I always have a hard time trying to think of how my ED started. Looking back, I really don’t know why I was so driven to lose weight because I was a little skinnier then before my ED than I am now! I think it stemmed from me being teased throughout school for being small and young-looking so I set out to ‘improve’ my appearance even though I was already beautiful. I wanted to be accepted and I thought that was the only way to do it. Sad but true.

    Oh and I love that when I blog I just say what comes to me and I hope that it doesn’t sound too planned out or anything. And that I try to add pictures in but sometimes it’s hard haha 😉

  2. March 11, 2011 5:46 am

    Has anyone ever told you that you write so wonderfully? Because you do 🙂 It is really interesting to read more about your story. Thank you for sharing your email, Bryana!

    I am aware that my eating disorder came about due to change in my life at the time that i felt as though i couldn’t control. It was that lack of control of my surroundings that led me to want to control something else: My food. It was a coping mechanism that went wrong in every way possible. I have now learnt new ways to cope with my feelings and have also met some amazing people throughout my recovery journey. I never regret having an eating disorder as it has made me who I am. 5 years of an eating disorder is enough.

    I love that I am a positive blogger. If I’m writing about something negative, I can never end a post on a negative note.


    • March 14, 2011 12:03 pm

      Haha, I love that about you too Katy. All of your posts leave me with a smile on my face!

  3. Laura permalink
    March 11, 2011 8:33 am

    I am SO honored I got to be included in your blog 🙂 I don’t mind at all if you mention me. I loved reading your email.
    I also just caught up on the past few entries of your blog and wanted to add that I have an absolutely massive bruise on my arm from getting blood drawn too. I have to again today to get even more blood drawn.

  4. Sarah permalink
    March 11, 2011 1:42 pm

    Thanks so much for sharing this, girly! I loved reading more about your background. I’ve experienced some of the same over protectiveness in my mom but then also simultaneous abuse from my Dad. It was very confusing. The over protectiveness can definitely feel suffocating! I remember often feeling like I was incapable of doing the things other kids did, because my mom seemed to feel that way. It left me fearful of much of the world and I think that’s why it’s so hard for me to get out and meet people and maintain friendships now.

    Love you, girl! I’m so proud of you…you’re almost to your goal! Keep on going!! : )

    • March 14, 2011 12:04 pm

      Talk about mixed signals, huh? I’m proud of you for working so hard at figuring it all out!

  5. March 11, 2011 4:49 pm

    my ED kind of started the same way — i really wanted to be thin. Granted i always wanted to be thin, and in grade school/middle school, I WAS thin. I was extremely naturally SKINNY. However, my mom always placed a lot of emphasis on being thin. When i started growing and developing curves in 7-8th grade, i was extremely self conscious and unhappy. But it wasn’t enough for me to do anything about it. In Biology we learned about the difference between saturated/unsaturated/trans fats my freshmen year, and that sparked my interest in healthy eating. it all just went downhill from there. i still have ups and downs — i recently fell into a rut and am struggling to get out of it but i’m fighting! I know you are too, and i’m so proud of you Bryana. keep making progress girl!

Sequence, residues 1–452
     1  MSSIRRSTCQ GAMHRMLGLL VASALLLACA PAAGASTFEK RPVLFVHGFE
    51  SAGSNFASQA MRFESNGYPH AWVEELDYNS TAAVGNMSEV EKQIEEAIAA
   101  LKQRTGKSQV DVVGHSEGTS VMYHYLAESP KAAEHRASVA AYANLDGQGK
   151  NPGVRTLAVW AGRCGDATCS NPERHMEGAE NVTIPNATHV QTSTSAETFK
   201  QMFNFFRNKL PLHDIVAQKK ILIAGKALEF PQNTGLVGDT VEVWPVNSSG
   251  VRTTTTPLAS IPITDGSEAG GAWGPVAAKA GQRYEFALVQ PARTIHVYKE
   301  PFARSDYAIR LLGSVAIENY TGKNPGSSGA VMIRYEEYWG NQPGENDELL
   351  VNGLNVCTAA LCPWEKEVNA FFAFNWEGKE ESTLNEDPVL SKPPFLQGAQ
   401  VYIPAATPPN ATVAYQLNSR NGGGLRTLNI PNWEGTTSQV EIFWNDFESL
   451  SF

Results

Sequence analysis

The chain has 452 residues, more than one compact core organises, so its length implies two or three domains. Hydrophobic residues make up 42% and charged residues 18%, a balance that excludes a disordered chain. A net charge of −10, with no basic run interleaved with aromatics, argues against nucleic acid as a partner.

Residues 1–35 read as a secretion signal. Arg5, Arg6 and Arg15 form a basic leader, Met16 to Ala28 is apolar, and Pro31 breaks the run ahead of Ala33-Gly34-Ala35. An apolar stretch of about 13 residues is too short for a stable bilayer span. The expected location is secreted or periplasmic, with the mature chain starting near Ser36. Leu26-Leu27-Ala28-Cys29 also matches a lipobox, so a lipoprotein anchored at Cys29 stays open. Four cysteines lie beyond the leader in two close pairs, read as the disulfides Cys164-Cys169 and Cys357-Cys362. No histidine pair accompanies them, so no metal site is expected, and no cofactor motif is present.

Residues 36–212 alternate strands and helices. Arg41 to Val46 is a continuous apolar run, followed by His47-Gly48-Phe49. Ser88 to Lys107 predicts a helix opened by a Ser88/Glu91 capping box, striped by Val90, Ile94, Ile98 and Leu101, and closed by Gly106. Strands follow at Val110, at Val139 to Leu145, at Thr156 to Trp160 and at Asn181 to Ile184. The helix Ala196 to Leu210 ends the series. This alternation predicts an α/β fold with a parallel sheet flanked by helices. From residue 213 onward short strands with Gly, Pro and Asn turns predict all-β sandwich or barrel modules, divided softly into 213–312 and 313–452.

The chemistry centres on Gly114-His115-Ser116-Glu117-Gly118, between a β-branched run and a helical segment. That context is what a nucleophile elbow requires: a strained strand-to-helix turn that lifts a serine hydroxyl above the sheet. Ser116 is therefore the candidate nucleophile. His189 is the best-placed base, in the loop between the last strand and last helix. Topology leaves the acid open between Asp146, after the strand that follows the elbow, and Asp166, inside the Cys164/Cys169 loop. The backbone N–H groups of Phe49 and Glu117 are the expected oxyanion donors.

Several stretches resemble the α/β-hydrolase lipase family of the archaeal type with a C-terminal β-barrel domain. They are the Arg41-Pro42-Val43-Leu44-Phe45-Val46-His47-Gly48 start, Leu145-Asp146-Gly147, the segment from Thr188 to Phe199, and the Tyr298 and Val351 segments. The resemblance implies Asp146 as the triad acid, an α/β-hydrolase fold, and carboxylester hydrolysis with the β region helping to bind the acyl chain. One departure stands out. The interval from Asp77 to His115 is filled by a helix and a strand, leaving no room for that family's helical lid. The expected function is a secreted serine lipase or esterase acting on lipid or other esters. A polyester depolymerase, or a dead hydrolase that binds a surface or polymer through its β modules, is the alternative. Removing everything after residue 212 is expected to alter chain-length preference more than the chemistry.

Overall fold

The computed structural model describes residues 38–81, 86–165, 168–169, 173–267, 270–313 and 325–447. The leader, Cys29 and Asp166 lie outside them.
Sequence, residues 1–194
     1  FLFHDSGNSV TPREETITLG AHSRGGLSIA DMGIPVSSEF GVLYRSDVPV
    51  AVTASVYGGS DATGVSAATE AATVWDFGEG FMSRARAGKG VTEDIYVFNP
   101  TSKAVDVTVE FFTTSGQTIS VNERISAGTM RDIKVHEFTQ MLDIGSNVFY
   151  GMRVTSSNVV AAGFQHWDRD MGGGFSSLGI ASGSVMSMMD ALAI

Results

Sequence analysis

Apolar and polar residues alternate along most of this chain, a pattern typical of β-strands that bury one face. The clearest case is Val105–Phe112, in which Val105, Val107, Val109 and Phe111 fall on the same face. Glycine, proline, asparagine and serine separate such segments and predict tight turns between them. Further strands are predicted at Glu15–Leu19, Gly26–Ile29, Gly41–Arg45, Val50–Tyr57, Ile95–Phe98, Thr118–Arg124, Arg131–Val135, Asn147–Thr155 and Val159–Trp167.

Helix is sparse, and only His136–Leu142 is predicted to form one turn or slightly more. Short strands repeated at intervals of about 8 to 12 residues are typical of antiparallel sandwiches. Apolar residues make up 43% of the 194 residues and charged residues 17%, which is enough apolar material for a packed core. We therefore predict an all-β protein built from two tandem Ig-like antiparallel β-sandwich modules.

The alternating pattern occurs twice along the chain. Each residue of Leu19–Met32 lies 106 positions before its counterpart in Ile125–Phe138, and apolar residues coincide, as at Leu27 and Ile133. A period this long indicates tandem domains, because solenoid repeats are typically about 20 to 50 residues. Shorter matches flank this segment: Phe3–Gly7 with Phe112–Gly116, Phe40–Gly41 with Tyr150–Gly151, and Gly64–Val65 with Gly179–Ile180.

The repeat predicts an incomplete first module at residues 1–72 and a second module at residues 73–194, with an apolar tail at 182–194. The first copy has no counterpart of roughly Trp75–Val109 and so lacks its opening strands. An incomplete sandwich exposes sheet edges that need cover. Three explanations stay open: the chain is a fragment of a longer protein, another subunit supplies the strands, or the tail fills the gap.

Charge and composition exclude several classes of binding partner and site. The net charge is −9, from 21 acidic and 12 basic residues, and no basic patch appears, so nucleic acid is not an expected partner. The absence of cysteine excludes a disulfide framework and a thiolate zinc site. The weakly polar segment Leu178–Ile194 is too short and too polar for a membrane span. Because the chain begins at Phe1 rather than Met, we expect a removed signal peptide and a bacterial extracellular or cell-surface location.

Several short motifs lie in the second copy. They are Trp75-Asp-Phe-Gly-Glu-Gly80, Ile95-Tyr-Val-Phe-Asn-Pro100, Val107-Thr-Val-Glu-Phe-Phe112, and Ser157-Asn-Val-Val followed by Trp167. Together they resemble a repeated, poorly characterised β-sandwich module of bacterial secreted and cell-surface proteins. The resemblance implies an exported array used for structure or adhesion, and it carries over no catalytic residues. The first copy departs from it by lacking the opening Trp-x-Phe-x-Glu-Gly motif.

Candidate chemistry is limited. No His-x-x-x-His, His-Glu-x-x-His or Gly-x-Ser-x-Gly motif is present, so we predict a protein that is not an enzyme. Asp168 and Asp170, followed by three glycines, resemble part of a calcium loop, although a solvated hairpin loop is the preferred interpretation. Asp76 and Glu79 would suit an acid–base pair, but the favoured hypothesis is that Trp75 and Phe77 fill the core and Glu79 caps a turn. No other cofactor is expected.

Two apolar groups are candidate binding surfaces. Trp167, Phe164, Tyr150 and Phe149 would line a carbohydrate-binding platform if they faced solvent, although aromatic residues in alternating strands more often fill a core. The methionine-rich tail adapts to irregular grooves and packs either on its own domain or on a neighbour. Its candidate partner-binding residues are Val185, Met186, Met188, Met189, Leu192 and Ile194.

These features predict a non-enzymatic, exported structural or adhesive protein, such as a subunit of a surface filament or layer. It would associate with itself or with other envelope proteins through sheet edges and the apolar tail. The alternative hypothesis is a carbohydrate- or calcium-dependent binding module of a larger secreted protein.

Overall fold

• March 14, 2011 12:06 pm

      Thanks Alexandra! You are such an insiration to me and your “I’m gonna beat this no matter what” attidude often get me to feel that way. I’m sorry about this rut, but stay strong, because this too shall pass!

  6. March 11, 2011 10:34 pm

    I really loved hearing your story. I can relate so perfectly to never have been deprieved, but feeling out of control because of protective parents. I feel this I was reading conversations I have had with my mom when I say what you had written about asking to go out. Now things are so much better with my parents because we have a mutual understanding of sharing control.
    It is so amazing that you have come so far, and it inspires me to continue pushing forward.
    Your dinner looks so good! I have to pick that up next time I’m at TJ’s.
    Keep pushing forward girl(:

    • March 14, 2011 12:08 pm

      Yup, that was a big one for me too, learning to share the control with my parents. Up until now, I think they still viewed me as their baby, and felt they had to make all the decisions. Now they are waaay more lenient about letting me make my own decisions. And it feels amazing, don’t you think?

  7. March 14, 2011 3:42 pm

    Thanks for sharing your story 🙂